Estimated reading time: 5 minutes
You need a strong core to be a better runner, but doing 100 sit-ups a day isn’t the answer! Physiotherapist and trail runner Karine Bezuidenhout debunks myths, explains anatomy, and provides exercises.
Functionally human bodies work in slings. The core connects the upper body and lower body and functions as a strong base for these slings to function with ease and strength.
When we run with inefficiencies within these functional slings, certain structures constantly overwork, which can cause injury.
The structures that can overwork can be structures like our feet, ankles, knees, hips, or our cardiovascular system. This means we get tired unnecessarily early or struggle to recover once we get to the top of that beautiful mountain.
The core also influences our balance. If your core is not able to engage correctly through the full range, you might be more prone to roll an ankle or struggle to enjoy technical downhill running. Having a functionally strong core will allow you to have even more fun on the trails.
Many people believe that a strong core means having a constantly tight or braced core.
A strong core, like any functional muscle group, should be able to lengthen and contract, and be functionally strong through its full range. If you have constantly tight hamstrings, they eventually cause inefficiency or injury, and the same is true for a consistently braced or tight core.
When we sit for long periods of our day, certain parts of our core can be overactive or tight to compensate for the parts with lower muscle tone.
Another common misconception we have about the core is that a beautiful sixpack is the only part of the core that matters.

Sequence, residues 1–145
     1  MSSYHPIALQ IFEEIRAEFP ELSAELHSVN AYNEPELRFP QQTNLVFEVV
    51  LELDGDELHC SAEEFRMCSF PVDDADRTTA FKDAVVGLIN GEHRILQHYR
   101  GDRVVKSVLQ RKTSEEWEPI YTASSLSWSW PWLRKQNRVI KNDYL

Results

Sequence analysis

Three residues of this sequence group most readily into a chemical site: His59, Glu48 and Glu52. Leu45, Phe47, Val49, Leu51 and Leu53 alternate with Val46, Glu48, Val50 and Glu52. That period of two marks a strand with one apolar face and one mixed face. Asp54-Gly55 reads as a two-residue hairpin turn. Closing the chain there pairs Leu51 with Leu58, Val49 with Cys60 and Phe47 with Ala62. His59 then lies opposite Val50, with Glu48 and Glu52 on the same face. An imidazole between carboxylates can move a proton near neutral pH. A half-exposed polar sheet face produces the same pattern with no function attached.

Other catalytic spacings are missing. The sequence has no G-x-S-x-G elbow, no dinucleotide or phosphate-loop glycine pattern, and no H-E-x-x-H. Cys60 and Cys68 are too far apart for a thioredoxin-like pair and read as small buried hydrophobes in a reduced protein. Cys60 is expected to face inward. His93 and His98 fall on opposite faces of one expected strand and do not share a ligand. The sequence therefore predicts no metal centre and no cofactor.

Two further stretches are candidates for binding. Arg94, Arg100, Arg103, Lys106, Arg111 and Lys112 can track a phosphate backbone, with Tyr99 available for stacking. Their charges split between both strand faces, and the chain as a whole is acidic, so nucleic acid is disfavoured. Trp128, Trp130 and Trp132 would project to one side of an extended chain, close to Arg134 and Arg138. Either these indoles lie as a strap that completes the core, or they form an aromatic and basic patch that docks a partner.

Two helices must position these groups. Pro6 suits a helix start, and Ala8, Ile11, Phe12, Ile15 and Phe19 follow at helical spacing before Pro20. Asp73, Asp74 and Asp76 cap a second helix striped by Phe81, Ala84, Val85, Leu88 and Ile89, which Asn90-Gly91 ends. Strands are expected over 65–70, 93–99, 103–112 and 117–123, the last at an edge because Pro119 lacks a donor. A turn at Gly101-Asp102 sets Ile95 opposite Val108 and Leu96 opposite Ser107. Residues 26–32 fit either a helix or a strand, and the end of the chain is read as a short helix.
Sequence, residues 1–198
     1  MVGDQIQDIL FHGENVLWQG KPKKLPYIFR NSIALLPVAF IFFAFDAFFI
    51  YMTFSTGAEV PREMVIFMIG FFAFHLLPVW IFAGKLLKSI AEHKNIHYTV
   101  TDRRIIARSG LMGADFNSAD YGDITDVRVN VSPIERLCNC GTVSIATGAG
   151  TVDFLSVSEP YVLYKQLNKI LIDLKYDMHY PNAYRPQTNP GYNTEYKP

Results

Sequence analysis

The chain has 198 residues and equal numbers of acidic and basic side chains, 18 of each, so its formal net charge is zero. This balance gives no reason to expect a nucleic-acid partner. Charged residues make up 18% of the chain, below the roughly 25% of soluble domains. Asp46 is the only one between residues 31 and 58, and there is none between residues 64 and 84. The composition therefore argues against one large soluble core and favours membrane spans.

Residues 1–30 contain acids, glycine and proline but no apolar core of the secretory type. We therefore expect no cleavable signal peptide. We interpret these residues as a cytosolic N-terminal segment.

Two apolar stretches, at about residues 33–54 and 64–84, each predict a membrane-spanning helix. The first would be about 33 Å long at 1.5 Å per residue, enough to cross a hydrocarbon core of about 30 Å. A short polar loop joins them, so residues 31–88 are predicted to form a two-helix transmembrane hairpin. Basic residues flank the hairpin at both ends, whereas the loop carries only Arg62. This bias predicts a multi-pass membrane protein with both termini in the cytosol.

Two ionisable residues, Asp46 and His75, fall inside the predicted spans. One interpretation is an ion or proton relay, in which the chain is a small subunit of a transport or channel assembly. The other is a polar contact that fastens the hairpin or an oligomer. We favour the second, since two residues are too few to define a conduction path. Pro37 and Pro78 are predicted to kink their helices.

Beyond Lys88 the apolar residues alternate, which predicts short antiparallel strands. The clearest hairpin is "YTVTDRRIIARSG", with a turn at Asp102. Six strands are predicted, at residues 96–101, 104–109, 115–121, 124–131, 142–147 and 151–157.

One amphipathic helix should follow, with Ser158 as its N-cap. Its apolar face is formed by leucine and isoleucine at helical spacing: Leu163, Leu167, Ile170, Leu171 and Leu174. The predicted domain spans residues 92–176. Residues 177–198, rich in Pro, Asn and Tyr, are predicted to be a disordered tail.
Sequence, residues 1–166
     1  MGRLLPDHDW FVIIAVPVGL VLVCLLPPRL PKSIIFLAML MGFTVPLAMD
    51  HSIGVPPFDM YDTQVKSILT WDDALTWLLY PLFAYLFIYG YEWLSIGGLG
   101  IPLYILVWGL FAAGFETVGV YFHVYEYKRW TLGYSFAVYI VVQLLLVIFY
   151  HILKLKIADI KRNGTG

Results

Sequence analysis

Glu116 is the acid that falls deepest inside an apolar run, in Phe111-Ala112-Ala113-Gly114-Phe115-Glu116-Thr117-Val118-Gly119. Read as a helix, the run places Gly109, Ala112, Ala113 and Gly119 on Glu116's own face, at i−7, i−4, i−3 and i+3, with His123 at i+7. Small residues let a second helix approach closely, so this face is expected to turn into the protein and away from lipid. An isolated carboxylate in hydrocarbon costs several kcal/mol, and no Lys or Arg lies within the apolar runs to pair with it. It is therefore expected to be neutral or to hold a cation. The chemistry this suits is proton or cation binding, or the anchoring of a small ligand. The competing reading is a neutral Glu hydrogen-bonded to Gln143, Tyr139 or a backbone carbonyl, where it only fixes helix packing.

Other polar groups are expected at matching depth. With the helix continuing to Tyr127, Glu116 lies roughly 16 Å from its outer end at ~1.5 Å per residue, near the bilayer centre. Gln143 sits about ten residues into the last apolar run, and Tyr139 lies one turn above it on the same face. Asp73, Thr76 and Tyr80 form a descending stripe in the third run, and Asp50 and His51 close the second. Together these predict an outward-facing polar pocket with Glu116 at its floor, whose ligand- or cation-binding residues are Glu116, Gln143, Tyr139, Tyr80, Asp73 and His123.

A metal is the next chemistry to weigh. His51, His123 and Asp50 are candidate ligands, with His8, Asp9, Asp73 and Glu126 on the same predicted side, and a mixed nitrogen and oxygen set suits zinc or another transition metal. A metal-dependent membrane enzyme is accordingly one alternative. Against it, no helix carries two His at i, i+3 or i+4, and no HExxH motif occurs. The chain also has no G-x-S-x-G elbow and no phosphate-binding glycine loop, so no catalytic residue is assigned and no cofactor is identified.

The core connects our upper body and lower body. It provides a base for our body to function from. This base consists of:
- At the top: diaphragm
- Like a corset: transversus abdominis
- At the back, tightening the corset: multifidis; spine
- At the bottom: pelvic floor muscles; bony and connective tissue structures of the pelvis and hip joints
- Diagonally: internal and external obliques
- At the front: our favourite Instagram muscle, rectus abdominis
These are just the main ones. Our bodies function as a whole, so the layers over and under these muscles all contribute and can be considered part of the core. The ability of the spine to move with strength through the full range should also be considered as part of your core’s ability to engage and support.
Your organs within their connective tissue casings and the health of your gastrointestinal tract all influence what we consider to be the core.
Get core strength
You can use life hacks, or structured training, to strengthen your core.
Ideally, we simply need to move more in a diverse way, engaging with our environment.
If your current lifestyle demands lots of sitting, devise clever ways to escape the desk. Play with your pets and kids throughout the day, stand on one leg at your standing desk. Climb a tree, jump a fence, do bear-crawls during the most boring part of a Zoom meeting! Your productivity and core will be grateful.
When you have to sit often, pay attention to your breath. The diaphragm is a big part of the core that you use all throughout the day (ideally).
You can optimise this muscle by making deep, slow, and easy breaths a habit.
For new ideas on how to create another layer of mastery in your body, join a Pilates or yoga class. Get as much diversity of movement in as possible.
For a more structured approach, try variations of the plank, hollow hold, and single-leg balances. With all of these exercises don’t pinch your core, or hold your breath. Simply engage.
You should be able to breathe with ease and ideally be able to sync your movement gracefully with your breaths in and out. Don’t worry too much about when you should inhale or exhale. When you run you have to be able to fully inhale and exhale with all the variations of your core engagement.
Remember to engage with your environment in a fun way. Don’t stress too much about having the perfect body. Your core will come to the party if it’s a fun party.
This article was originally published in TRAIL issue 37.
Karine Bezuidenhout is a physiotherapist who runs trails, climbs mountains, and practices yoga.